The role of advertising is to attract patients to treatment centers. Once a patient makes it to one of these treatment centers, it is the role of the treating physician to equip patients with information about treatment options, risks, and expected outcomes. For this reason, arming physicians with information to either support or discredit claims made in ads, rather than undertaking the daunting endeavor of creating and enforcing strict guidelines for health care marketing, might pose a more realistic and actionable alternative.

Physicians have the challenging task of presenting treatment options and their potential benefits and risks in a way that empowers patients without providing false hope. In a world where technology has made it possible for patients to have access to a limitless amount of information at their fingertips, physicians are pressed to be completely candid regarding a grim prognosis, often presenting possible outcomes from best-case to worst-case scenario. In many cases, physicians are pushed to provide a life-expectancy estimate.

For patients dealing with a terminal disease, a time-tied prognosis not only represents a death sentence but it also dictates many of the decisions patients make regarding personal and financial matters.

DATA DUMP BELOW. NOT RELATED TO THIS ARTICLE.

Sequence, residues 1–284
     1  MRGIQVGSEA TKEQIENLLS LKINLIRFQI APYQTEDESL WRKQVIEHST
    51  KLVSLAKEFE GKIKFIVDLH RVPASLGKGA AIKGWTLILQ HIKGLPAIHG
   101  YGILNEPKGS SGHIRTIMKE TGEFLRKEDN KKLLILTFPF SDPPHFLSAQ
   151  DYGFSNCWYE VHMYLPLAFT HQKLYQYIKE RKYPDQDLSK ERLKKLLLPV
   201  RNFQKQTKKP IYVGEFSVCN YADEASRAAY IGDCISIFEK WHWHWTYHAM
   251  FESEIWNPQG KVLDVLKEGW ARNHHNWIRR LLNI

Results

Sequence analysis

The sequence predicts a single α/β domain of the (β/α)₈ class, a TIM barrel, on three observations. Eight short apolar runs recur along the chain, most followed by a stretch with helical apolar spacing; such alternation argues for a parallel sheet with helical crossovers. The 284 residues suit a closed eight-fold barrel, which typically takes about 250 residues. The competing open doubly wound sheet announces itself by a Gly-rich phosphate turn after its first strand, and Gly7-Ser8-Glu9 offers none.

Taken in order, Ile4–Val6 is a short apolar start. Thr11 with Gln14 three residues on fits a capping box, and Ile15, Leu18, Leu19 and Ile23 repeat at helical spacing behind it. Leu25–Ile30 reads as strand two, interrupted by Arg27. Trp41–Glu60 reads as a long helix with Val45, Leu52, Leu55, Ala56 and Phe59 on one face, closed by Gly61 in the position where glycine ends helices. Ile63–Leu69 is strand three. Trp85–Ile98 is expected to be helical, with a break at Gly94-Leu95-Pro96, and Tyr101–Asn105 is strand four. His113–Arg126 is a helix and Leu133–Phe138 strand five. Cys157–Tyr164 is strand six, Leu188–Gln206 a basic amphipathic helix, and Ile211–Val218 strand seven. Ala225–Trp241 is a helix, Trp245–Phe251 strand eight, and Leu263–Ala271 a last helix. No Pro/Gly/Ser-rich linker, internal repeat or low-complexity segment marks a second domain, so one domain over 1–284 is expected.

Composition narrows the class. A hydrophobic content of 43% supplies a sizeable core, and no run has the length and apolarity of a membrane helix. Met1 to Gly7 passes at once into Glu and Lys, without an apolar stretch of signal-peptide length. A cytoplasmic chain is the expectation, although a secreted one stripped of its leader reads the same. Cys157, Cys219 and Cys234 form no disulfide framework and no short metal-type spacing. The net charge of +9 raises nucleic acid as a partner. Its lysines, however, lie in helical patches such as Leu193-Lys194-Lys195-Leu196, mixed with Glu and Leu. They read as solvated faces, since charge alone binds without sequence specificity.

However, time and time again, studies have demonstrated that physicians are not great are predicting life expectancy. This means that many terminally ill patients will outlive their physician’s prognosis and many will die sooner than expected. For those who die sooner than predicted, loved ones might be left unprepared to deal with a precipitous loss. On the other hand, patients who are given “false hopelessness” and are prognosticated to live for only a few months, may live in despair for years, believing that this month may be the last one. Therefore, presenting a clear-cut prognosis, even when it aligns with the patient’s wishes, has the potential to cause more harm than good. For patients that are diagnosed with a terminal illness, having frequent conversations with their physicians about their changing prognosis can give them a more realistic picture of what to expect and allow them to have evolving goals for their care, from receiving aggressive treatment to improve survival to focusing on symptom management and spiritual health.

Elina Serrano is a medical student.